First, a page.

Earlier this month, the hospital ship USNS Comfort departed the Caribbean, concluding a five-month, 12-country visit across Latin America and the Caribbean that included stops in Curacao, Trinidad & Tobago, Grenada, St. Lucia, St. Kitts & Nevis, the Dominican Republic, Jamaica and Haiti.

From Peru to Jamaica, the crew of this ship saw and served many people in our shared neighborhood, including Venezuelans fleeing the brutal, illegitimate Maduro regime. All told, Comfort’s team treated nearly 68,000 patients (more than 35,000 in the Caribbean alone), built medical readiness and interoperability between the U.S. Navy and our partners and allies, and reflected the very best of the Americas.

The USNS Comfort.

Although the numbers are impressive, they’re not the most important aspect of Comfort’s deployment. The people-to-people ties forged along the way are the mission’s true result. Each of those 68,000 patients represents a family – parents, grandparents, children — and, most importantly, a neighbor in our shared home of the Western Hemisphere.

Strong people-to-people ties are the bridge to effective regional cooperation and continued regional stability in the Caribbean and beyond. From a defense and security perspective, we strengthen those ties whenever we work together, train and exercise together, and protect our citizens together.

This partnership-first approach underpins the U.S.-Caribbean 2020 Strategy and the U.S.-Caribbean Resilience Partnership. The United States is working with partners across the Caribbean to advance security, diplomacy, prosperity, energy, education and health — one person, one community and one nation at a time.

For SOUTHCOM’s part, we’re investing in key leader engagements, education and our joint exercise program — long-term, cost-effective efforts that yield significant dividends. In our annual TRADEWINDS exercise, we’re laying the groundwork for a combined task force (similar to counter-terrorism and counter-piracy task forces in other regions) that can plug into existing security architecture to help us all better address a range of risks and threats – from transnational criminal organizations and violent extremism to natural disasters.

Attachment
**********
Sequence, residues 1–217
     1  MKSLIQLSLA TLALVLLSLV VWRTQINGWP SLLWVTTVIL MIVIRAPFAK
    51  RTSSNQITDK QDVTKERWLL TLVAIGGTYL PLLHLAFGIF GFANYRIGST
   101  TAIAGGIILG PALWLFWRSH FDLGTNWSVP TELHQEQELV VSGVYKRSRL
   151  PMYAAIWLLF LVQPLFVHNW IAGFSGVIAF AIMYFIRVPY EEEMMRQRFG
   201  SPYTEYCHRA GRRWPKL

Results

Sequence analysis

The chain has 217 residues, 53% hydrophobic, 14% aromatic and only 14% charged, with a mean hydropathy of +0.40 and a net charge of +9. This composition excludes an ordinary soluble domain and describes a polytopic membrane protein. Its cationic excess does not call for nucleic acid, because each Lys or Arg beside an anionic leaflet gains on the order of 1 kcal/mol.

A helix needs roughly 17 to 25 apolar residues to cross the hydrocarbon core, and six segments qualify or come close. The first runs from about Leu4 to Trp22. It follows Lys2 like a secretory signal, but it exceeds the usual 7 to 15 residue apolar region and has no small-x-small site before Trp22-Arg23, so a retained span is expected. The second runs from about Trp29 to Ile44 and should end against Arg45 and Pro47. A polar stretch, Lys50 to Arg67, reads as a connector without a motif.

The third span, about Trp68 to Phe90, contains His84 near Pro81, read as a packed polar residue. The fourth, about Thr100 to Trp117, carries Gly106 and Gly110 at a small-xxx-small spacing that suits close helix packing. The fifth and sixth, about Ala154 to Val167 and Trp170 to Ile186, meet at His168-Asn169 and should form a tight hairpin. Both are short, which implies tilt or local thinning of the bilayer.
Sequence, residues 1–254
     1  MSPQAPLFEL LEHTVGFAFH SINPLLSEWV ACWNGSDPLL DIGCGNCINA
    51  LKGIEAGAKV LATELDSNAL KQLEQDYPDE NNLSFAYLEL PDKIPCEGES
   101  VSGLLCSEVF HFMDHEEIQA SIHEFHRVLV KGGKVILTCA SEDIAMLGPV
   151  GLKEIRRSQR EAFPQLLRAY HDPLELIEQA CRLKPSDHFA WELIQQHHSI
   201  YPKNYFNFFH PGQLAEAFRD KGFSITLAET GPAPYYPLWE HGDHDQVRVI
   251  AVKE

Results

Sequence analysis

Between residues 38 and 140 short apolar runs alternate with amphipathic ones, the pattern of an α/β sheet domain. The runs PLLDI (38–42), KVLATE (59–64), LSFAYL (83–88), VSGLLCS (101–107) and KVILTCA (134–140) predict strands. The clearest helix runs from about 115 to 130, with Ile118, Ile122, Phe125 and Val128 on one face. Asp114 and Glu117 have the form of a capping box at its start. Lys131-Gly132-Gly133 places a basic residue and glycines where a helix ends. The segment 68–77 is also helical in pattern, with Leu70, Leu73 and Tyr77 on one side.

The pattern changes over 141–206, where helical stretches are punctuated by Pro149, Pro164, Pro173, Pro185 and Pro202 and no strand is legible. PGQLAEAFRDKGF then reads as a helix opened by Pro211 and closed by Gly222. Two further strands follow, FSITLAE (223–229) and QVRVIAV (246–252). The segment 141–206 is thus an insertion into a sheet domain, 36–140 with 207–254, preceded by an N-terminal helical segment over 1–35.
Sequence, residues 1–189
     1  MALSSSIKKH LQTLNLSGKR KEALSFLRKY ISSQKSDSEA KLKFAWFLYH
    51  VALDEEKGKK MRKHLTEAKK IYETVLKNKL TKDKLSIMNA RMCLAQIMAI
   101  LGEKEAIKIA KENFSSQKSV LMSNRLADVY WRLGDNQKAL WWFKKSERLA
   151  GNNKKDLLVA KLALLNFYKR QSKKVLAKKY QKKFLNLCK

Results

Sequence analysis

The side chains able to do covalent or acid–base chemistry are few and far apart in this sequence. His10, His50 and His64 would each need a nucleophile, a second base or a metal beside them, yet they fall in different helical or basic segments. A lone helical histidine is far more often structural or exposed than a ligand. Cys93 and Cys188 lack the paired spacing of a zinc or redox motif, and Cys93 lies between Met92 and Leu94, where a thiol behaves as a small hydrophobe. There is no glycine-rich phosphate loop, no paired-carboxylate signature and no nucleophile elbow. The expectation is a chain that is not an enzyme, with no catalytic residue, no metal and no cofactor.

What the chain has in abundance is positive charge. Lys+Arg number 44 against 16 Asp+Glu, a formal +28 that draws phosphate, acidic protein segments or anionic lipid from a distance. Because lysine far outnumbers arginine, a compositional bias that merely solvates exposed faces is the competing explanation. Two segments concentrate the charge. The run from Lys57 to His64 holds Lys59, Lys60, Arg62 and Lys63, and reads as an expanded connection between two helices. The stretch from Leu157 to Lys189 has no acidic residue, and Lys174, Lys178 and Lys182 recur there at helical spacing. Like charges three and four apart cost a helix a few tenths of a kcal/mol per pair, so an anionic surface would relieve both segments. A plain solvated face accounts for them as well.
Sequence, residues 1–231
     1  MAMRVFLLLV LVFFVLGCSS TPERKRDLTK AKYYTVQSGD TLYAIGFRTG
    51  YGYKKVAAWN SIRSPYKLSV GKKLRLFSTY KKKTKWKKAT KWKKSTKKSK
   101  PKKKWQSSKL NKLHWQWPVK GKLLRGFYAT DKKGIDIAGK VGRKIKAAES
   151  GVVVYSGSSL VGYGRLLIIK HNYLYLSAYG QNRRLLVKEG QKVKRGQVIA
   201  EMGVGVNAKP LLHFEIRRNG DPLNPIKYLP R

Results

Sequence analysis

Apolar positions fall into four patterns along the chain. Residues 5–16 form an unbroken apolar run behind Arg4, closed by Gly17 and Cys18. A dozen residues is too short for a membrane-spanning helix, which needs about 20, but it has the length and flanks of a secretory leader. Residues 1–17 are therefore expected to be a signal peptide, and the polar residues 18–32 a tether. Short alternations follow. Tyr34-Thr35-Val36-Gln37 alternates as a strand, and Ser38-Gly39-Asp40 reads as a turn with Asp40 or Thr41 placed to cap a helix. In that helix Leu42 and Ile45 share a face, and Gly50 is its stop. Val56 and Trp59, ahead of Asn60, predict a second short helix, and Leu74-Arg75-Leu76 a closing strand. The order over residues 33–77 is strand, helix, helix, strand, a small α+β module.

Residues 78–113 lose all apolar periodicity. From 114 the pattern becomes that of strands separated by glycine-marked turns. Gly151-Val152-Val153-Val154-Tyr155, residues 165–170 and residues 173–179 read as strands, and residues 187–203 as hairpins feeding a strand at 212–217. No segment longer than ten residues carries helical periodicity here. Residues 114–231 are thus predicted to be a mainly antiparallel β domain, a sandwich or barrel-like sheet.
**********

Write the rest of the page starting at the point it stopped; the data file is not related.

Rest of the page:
We’re also working closely with partners that contribute military capabilities to our common defense. Strong regional organizations such as the Caribbean Disaster Emergency Management Agency (CDEMA), the Caribbean Community’s Implementation Agency for Crime and Security (CARICOM IMPACS), and the Regional Security System (RSS) are increasing their efforts to coordinate individual contributions to regional security into a more effective whole.

At last week’s Caribbean Nation Security Conference (CANSEC) in Miami, leaders from those three organizations, 21 Caribbean nations, the United States, Canada, the United Kingdom, France, and the Netherlands committed to sharing in the responsibility of helping one another when disaster strikes or security is threatened.

Jamaica and Trinidad and Tobago are leveraging U.S. and allied training and equipment to respond to a range of threats, including natural disasters. Along with Barbados and the Dominican Republic, they are also helping to address global challenges like drug trafficking and violent